The Monetary Policy Committee of the Banco National de Angola (BNA), created in 2011, was given the target of reducing inflation to 10% by the end of 2012 and further in the years thereafter. The BNA succeeded, bringing the rate of inflation back to 8.9% in the first quarter of 2013. Important in this process was the enduring rise in international reserves towards more than 8 months of import cover, which gave the BNA sufficient room to support the value of its currency and thus to keep the exchange rate stable. In spite of a number of rather positive estimates for 2013, such as a current account surplus of 5.4% of GDP and a liquidity ratio of 176%, risks remain present. A drop in the oil price will negatively affect the accumulation of reserves, as the trade surplus would shrink, which, in turn, could have a negative effect on exchange rate stabilization and drive up inflation. For the time being, the structural measures taken to reduce inflation seem to be paying off and the price level is therefore likely to stay in single digits in the coming years.
3. Social and political tensions
With 72% of the vote, the long-serving president José Eduardo Dos Santos was re-elected in August 2012. His party, the Movimento Popular de Libertação de Angola (MPLA), will therefore be in office for at least another 5 years. President Dos Santos, however, is likely to resign during his current term and will probably hand over the presidency to vice-president Manuel Vincente, the former Sonangol chief. In the run-up to last year’s legislative elections, anti-government protests broke out. This led to fears of Arab Spring-inspired escalations, but the elections passed rather calm. President Dos Santos seems to have taken notice of the rising discontent in his country and once more emphasized the promises he made during the run-up to the elections, namely to improve basic services, health care, sanitation, drinking water and adequate housing in a poverty-reduction plan. At this point in time, Angola is characterized by high income disparities, with a high Gini-coefficient of 42.7 (in 2009) and the richest 10% of the inhabitants gain 44.7% of total income. Another important development to keep an eye on is the rising civil opposition against the increasing number of Chinese construction workers in the country. Besides the low percentage of the local workforce employed in Chinese companies, the quality of the work carried out by Chinese companies has also come under criticism. As in 2011, China was the main destination for Angola’s exports in 2012. Furthermore, China was among the main import suppliers of the country. Since the Angolan authorities aim to tighten ties with China even further, neither situation is likely to change soon, and therefore civil opposition remains an ongoing concern.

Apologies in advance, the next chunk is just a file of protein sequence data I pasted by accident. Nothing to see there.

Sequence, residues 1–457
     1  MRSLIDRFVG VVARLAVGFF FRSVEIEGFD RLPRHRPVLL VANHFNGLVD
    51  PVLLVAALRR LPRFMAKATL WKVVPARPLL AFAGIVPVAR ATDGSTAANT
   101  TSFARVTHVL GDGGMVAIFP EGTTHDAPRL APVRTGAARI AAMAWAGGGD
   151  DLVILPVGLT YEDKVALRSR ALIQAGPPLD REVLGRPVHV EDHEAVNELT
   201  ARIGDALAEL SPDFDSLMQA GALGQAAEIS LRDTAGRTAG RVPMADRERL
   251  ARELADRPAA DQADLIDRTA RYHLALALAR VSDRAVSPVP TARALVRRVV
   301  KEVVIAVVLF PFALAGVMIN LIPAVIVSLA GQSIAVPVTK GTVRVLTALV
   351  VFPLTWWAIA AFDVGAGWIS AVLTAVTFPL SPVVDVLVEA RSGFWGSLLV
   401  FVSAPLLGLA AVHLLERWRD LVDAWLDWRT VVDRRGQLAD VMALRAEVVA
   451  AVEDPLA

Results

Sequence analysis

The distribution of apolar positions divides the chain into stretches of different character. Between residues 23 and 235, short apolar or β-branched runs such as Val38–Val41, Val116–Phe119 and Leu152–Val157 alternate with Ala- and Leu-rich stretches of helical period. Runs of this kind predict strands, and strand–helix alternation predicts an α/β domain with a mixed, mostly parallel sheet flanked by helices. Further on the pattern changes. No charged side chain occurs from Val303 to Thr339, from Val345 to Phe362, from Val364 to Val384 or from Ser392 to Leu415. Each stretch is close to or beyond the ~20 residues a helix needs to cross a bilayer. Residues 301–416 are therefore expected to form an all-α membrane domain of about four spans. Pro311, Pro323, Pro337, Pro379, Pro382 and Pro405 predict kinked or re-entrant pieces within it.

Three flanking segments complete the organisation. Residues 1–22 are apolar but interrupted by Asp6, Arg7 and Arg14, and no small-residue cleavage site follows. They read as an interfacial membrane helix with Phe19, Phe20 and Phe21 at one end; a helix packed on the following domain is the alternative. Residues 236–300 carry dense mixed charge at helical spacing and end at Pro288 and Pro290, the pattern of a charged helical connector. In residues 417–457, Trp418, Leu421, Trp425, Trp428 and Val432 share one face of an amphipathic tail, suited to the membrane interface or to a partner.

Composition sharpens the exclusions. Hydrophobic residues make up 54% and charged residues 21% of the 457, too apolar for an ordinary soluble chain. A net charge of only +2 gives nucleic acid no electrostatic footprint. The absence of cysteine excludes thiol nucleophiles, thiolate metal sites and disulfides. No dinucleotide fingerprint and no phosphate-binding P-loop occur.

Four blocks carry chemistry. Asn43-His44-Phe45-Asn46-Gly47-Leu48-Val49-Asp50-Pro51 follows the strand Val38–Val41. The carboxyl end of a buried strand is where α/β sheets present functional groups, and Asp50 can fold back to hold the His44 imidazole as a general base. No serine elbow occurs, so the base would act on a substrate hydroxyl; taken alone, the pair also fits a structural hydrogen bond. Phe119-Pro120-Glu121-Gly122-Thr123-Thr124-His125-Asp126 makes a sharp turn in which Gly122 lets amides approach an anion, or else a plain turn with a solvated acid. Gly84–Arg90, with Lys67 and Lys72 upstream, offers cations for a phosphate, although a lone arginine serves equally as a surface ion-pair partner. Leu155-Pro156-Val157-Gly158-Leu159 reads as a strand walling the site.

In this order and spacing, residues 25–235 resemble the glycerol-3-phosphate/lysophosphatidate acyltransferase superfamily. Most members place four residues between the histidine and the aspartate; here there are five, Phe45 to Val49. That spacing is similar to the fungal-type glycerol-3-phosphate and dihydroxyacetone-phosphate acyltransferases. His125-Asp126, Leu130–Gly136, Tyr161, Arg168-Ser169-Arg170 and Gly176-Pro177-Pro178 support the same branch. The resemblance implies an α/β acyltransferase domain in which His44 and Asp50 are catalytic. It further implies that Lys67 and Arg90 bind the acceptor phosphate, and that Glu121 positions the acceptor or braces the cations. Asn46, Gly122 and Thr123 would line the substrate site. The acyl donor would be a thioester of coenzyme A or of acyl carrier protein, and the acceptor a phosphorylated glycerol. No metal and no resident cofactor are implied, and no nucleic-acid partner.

Angola, officially named the Republic of Angola, is a former Portuguese colony. Since its independence in 1975, Angola had suffered from a 27-year civil war in which two liberation movements, Popular Movement for the Liberation of Angola (MPLA) and the National Union for the Total Independence of Angola (UNITA), were the main actors. The death of UNITA leader Savimbi in 2002 marked the end of the civil war; the MPLA won and MPLA leader José Eduardo Dos Santos subsequently took office as President. As a result of his own constitutional change in 2010, Dos Santos was reelected again in 2012.
In the years following the civil war, Angola became one of the fastest growing economies in the world. Angola’s oil industry contributed to a large share of economic growth and the country became the second largest oil exporter of Africa, right behind Nigeria. With oil production accounting for 98% of Angola’s total exports, 70% of total government revenues and more than 50% of GDP, the country is highly dependent on the commodity. This dependence was clearly visible during the global economic downturn, starting in 2007; world oil demand stagnated and Angola’s exports diminished sharply in the consecutive years, leading to a substantial reduction of economic growth. Dependence on oil is just one of the country’s significant problems, as Angola is among the countries with the lowest standards of living in the world.